A New York IT supervisor is facing a possible sentence of up to 15 years in jail for mining bitcoin in the office. The man, identified as Christopher Naples, allegedly had hidden 46 mining rigs in the offices of the Suffolk County Center in Riverhead, New York. According to the investigation, 10 of these rigs had been installed since February, consuming more than $6,000 worth of energy. But given there were 36 more machines, the total energy cost could be far greater.
New York Man Faces Jail Time for Mining in the Office
Christopher Naples, an IT technician for Suffolk County in New York, could spend up to 15 years in jail for mining bitcoin in his offices. According to reports, the man introduced 46 mining machines into the offices of the county, hiding these underneath floorboards. Naples is now facing charges of public corruption, grand larceny, computer trespass, and official misconduct.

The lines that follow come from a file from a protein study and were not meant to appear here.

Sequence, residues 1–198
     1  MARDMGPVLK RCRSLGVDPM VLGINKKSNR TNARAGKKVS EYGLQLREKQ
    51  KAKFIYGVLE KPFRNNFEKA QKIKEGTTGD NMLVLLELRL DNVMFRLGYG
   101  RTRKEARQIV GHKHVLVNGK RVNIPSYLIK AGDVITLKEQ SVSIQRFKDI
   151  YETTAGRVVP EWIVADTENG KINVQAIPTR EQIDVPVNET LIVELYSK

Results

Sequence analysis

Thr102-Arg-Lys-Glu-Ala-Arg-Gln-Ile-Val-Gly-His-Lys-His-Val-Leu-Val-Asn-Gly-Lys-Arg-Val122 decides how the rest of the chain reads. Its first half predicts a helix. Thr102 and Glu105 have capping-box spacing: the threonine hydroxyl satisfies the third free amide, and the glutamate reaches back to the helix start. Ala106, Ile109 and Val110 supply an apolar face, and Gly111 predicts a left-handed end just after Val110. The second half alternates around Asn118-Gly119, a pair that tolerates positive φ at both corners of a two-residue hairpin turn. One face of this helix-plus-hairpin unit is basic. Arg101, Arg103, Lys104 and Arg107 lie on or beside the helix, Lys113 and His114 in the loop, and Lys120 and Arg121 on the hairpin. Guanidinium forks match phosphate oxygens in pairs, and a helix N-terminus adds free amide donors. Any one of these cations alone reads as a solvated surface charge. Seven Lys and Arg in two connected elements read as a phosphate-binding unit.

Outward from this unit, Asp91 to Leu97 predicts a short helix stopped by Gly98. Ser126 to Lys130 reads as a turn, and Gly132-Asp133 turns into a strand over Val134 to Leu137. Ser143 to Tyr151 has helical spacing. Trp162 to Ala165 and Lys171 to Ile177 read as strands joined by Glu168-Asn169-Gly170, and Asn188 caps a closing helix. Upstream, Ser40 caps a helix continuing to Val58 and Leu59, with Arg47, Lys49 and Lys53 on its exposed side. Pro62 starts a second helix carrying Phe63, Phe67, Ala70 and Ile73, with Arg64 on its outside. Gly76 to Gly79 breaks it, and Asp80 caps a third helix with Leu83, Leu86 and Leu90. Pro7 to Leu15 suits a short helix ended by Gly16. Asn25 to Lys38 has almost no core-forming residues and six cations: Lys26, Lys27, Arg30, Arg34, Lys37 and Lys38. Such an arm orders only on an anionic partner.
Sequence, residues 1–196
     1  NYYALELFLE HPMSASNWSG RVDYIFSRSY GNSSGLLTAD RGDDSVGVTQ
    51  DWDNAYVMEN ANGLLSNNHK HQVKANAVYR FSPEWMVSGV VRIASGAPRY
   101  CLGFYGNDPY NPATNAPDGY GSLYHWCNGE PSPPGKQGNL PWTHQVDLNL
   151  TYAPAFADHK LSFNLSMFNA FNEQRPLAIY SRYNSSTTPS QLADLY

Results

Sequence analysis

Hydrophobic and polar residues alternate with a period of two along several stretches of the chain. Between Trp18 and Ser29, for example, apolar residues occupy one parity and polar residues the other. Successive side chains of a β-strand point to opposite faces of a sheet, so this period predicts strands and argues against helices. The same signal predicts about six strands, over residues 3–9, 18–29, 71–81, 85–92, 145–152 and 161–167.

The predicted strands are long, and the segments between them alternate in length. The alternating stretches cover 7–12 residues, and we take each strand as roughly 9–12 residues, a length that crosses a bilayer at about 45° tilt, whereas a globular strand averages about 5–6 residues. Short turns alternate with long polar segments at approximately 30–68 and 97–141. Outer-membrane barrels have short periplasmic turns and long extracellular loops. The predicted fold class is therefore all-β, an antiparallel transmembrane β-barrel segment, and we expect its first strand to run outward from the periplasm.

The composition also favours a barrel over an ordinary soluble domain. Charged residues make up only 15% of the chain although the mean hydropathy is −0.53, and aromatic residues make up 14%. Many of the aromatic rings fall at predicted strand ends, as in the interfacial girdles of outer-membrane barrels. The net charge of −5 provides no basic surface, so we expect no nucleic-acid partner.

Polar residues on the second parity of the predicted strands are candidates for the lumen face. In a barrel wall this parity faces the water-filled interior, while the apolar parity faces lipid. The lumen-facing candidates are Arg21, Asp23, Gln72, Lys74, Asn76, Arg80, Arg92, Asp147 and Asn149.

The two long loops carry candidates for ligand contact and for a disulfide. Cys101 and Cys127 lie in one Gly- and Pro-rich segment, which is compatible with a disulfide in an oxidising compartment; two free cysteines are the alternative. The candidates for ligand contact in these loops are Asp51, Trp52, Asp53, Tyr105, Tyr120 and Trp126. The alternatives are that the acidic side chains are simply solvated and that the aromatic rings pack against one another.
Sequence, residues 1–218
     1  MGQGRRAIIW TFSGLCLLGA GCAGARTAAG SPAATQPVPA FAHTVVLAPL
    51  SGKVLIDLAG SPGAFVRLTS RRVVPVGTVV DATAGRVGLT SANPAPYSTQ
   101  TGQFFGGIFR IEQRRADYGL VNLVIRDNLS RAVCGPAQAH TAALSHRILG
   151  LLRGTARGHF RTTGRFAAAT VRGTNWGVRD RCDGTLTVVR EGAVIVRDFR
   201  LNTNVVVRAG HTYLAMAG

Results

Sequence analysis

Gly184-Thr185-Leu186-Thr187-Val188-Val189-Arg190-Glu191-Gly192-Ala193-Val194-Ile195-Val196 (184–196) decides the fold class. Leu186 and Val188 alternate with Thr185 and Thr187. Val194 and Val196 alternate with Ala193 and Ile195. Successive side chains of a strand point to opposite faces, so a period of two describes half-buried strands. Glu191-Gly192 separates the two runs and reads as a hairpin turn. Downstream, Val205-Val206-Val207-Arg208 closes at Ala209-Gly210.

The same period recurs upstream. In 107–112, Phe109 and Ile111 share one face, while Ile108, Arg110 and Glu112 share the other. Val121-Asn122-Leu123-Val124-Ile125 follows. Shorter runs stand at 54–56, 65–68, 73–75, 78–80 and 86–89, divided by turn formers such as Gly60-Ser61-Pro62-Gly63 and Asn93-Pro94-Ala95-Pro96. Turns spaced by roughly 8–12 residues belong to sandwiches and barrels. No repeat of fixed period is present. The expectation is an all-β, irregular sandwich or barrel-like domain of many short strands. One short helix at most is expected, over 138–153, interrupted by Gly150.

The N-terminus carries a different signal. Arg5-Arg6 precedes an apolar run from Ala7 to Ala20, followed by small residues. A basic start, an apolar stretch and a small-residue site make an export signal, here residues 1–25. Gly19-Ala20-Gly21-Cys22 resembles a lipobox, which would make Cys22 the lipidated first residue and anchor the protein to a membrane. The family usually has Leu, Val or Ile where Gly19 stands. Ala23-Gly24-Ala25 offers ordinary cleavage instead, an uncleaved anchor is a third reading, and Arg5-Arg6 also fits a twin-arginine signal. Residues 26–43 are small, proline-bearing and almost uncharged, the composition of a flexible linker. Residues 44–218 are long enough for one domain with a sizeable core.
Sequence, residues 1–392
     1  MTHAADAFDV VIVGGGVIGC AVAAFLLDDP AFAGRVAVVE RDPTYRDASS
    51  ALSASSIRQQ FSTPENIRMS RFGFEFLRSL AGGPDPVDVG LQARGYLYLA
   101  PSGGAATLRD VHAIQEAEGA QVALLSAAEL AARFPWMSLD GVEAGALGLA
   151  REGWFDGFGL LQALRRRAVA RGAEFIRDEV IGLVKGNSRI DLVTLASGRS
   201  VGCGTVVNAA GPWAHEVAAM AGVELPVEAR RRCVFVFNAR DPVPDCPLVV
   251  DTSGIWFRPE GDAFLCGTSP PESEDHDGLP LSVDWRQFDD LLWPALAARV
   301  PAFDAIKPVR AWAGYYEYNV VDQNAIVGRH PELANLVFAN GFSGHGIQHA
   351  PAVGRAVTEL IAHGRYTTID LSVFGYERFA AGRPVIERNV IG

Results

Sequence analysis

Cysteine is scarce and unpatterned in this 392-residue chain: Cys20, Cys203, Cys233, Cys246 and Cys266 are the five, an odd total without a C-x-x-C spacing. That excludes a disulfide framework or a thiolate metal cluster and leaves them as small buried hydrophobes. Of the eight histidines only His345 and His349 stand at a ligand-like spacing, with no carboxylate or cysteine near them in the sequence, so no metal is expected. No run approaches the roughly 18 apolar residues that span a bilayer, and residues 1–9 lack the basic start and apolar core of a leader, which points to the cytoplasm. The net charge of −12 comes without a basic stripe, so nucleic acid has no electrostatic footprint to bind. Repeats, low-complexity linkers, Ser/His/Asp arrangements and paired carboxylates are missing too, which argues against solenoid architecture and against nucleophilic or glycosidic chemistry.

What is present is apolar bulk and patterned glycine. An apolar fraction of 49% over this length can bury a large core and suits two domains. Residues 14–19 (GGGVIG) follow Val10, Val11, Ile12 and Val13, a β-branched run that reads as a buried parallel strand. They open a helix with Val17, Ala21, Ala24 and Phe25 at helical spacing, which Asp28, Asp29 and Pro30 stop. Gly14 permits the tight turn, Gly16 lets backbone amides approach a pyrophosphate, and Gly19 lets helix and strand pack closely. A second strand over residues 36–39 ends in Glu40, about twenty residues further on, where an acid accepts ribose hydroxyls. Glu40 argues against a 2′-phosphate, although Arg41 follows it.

Prosecutors state the machines spent at least $6,000 worth of power, with the temperature of the rooms where the miners were installed rising 20 degrees, affecting the surrounding server rooms and offices. About this, Timothy D. Sini, the Suffolk County district attorney, stated:
Not only do we have thousands of dollars of taxpayer money funding this operation, but it also put the county’s infrastructure at risk.
The county employees had also complained about the poor performance of the AC units and the slow internet, resources that were shared and used by the mining machines distributed in the office.
Stealing Power Is Nothing New
This is not the first time that an employee of a public office has stolen power to mine cryptocurrencies. There have been multiple cases similar to this one. New York City’s Department of Education has cases dating from 2013 and 2014 where employees tried to mine bitcoin with company equipment.
An employee of the Federal Reserve also tried to mine cryptocurrencies using one of the institution’s servers. That employee, Nicholas Berthaume, was fined $5,000 and spent 12 months on probation. In a press meeting, Sini stressed:
We will not tolerate county employees, who are already on the public payroll, to steal taxpayer money and illegally use government resources for their own personal gain.
Suffolk County Clerk Judith A. Pascale declared that no records of the country were accessed or modified due to the mining activity.
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